Sun Produces Unprecedented X-Class Flare

Powerful, long-duration X2.2 solar flare erupts from geoeffective AR 2673

A powerful, long-duration solar flare measuring X2.2 at its peak time erupted from geoeffective Active Region 2673 at 09:10 UTC on September 6, 2017. The event started at 08:48 and ended at 09:59 UTC. This is the first X-class solar flare since May 5, 2015.

There were no radio signatures that would suggest a Coronal Mass Ejection (CME) was produced during this event.

Additionally, the event was associated with a 10cm Radio Burst lasting 6 minutes with a peak flux of 569 sfu.

X2.2 solar flare September 6, 2017X2.2 solar flare September 6, 2017

X2.2 solar flare September 6, 2017 - SDO AIA 131

X2.2 solar flare September 6, 2017 DRAP

Just a couple of hours later, the same region produced a major X-class solar flare – X9.3, the strongest solar flare of the current solar cycle.

Read more about it: Major X-class flare: X9.3 from geoeffective AR 2673, CME produced

SWPC alerts

Space Weather Message Code: SUMX01
Serial Number: 114
Issue Time: 2017 Sep 06 1008 UTC

SUMMARY: X-ray Event exceeded X1
Begin Time: 2017 Sep 06 0848 UTC
Maximum Time: 2017 Sep 06 0910 UTC
End Time: 2017 Sep 06 0959 UTC
X-ray Class: X2.2

Optical Class: 2b
Location: S08W33
NOAA Scale: R3 – Strong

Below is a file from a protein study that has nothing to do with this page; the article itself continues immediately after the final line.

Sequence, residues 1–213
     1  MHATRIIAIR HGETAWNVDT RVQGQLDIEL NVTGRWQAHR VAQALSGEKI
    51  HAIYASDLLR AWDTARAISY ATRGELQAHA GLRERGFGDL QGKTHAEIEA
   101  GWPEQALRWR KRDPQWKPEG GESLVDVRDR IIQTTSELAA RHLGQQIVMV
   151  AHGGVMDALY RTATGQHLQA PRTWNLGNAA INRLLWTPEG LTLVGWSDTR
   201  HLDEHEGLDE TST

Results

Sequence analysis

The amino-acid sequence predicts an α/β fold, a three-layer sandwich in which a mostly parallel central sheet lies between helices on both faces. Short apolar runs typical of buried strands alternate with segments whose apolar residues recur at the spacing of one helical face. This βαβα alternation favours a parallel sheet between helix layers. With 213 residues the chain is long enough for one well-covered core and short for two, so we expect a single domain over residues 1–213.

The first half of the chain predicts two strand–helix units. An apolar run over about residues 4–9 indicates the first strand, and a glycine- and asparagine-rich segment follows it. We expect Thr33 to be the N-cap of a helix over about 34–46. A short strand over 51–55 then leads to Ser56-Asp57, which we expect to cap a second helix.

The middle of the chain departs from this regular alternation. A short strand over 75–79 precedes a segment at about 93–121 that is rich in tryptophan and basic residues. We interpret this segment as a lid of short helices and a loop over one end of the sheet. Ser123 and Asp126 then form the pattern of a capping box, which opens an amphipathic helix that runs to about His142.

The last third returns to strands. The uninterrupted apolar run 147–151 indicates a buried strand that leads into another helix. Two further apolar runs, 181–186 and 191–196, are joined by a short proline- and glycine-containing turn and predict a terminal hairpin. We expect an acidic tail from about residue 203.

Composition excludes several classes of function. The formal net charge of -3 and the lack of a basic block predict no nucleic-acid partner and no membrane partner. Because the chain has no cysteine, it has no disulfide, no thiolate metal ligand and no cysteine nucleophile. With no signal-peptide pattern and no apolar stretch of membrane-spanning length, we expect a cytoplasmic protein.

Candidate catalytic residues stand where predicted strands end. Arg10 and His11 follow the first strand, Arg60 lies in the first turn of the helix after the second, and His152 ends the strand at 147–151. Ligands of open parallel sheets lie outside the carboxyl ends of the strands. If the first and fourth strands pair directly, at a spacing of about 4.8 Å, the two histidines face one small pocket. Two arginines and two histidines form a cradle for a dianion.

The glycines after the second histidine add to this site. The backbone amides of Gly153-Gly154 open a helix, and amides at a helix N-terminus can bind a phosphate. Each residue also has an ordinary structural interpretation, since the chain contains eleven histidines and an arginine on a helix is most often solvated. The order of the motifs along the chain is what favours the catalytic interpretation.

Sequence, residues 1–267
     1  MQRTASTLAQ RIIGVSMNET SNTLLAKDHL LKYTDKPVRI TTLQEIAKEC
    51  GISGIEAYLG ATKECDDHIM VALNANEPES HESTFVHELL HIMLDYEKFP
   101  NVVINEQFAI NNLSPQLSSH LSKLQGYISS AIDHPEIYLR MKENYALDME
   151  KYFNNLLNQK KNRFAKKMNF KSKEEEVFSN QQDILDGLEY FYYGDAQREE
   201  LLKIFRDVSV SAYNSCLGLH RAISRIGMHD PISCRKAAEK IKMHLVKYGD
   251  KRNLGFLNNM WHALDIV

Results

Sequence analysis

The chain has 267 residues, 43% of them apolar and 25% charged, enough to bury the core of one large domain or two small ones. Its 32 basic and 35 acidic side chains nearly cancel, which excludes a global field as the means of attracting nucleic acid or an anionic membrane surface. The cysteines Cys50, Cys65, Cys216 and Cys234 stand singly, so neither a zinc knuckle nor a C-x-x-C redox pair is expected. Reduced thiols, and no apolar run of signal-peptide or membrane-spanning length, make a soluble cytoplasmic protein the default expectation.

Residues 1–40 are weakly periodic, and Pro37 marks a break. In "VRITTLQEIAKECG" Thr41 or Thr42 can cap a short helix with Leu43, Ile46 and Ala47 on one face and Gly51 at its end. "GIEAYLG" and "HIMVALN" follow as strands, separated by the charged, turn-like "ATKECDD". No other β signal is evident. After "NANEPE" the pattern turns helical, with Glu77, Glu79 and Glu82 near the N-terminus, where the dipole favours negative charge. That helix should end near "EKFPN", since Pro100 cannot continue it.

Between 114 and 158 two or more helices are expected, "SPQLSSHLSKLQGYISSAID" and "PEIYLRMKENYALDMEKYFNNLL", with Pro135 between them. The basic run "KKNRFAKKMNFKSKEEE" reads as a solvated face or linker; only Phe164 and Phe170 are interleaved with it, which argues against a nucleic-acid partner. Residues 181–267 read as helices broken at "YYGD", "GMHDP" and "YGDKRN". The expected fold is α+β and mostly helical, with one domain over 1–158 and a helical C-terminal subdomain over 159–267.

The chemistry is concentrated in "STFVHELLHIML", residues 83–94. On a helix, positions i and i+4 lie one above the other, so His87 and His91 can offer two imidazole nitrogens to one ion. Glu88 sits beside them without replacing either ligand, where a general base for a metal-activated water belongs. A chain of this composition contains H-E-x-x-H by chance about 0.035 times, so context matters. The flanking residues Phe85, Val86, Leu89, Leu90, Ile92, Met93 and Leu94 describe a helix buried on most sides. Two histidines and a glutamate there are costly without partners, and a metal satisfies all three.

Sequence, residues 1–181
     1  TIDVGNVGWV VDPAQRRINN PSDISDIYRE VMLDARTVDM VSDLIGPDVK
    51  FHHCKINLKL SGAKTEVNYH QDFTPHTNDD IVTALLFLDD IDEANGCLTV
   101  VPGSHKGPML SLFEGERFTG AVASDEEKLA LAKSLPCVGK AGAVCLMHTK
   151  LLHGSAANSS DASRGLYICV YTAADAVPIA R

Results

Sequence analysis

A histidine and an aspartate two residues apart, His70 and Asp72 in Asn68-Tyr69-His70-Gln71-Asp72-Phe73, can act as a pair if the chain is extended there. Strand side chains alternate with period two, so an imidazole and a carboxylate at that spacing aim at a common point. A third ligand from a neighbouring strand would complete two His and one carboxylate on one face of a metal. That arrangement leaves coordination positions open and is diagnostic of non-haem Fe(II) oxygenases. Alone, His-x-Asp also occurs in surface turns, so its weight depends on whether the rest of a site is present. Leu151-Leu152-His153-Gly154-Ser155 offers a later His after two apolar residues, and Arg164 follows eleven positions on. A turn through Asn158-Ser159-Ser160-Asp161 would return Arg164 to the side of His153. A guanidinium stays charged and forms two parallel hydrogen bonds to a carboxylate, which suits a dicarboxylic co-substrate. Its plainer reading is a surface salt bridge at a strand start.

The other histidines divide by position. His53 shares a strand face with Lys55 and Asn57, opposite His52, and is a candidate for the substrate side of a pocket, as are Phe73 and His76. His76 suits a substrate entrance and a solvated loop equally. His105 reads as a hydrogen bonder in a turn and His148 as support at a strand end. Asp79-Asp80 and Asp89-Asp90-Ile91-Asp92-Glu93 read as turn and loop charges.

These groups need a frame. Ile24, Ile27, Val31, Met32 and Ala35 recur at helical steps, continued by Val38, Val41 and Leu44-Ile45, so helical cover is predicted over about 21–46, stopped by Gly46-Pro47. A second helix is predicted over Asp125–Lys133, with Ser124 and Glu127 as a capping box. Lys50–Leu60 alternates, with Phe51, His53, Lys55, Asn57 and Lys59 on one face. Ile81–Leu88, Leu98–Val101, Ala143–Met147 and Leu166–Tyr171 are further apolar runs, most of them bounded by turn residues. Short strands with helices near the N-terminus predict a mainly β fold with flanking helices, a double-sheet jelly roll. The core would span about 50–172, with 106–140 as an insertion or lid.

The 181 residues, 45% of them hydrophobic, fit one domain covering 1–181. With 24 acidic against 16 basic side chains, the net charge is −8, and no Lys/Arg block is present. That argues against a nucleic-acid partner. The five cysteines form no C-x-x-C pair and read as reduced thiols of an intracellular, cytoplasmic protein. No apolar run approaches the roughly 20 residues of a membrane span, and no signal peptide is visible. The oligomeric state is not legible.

Potential Impacts: Area of impact consists of large portions of the sunlit side of Earth, strongest at the sub-solar point.
Radio – Wide area blackout of HF (high frequency) radio communication for about an hour.


Space Weather Message Code: SUM10R
Serial Number: 696
Issue Time: 2017 Sep 06 0934 UTC

SUMMARY: 10cm Radio Burst
Begin Time: 2017 Sep 06 0903 UTC
Maximum Time: 2017 Sep 06 0904 UTC
End Time: 2017 Sep 06 0909 UTC
Duration: 6 minutes
Peak Flux: 459 sfu
Latest Penticton Noon Flux: 121 sfu

Description: A 10cm radio burst indicates that the electromagnetic burst associated with a solar flare at the 10cm wavelength was double or greater than the initial 10cm radio background. This can be indicative of significant radio noise in association with a solar flare. This noise is generally short-lived but can cause interference for sensitive receivers including radar, GPS, and satellite communications.

Original Article:

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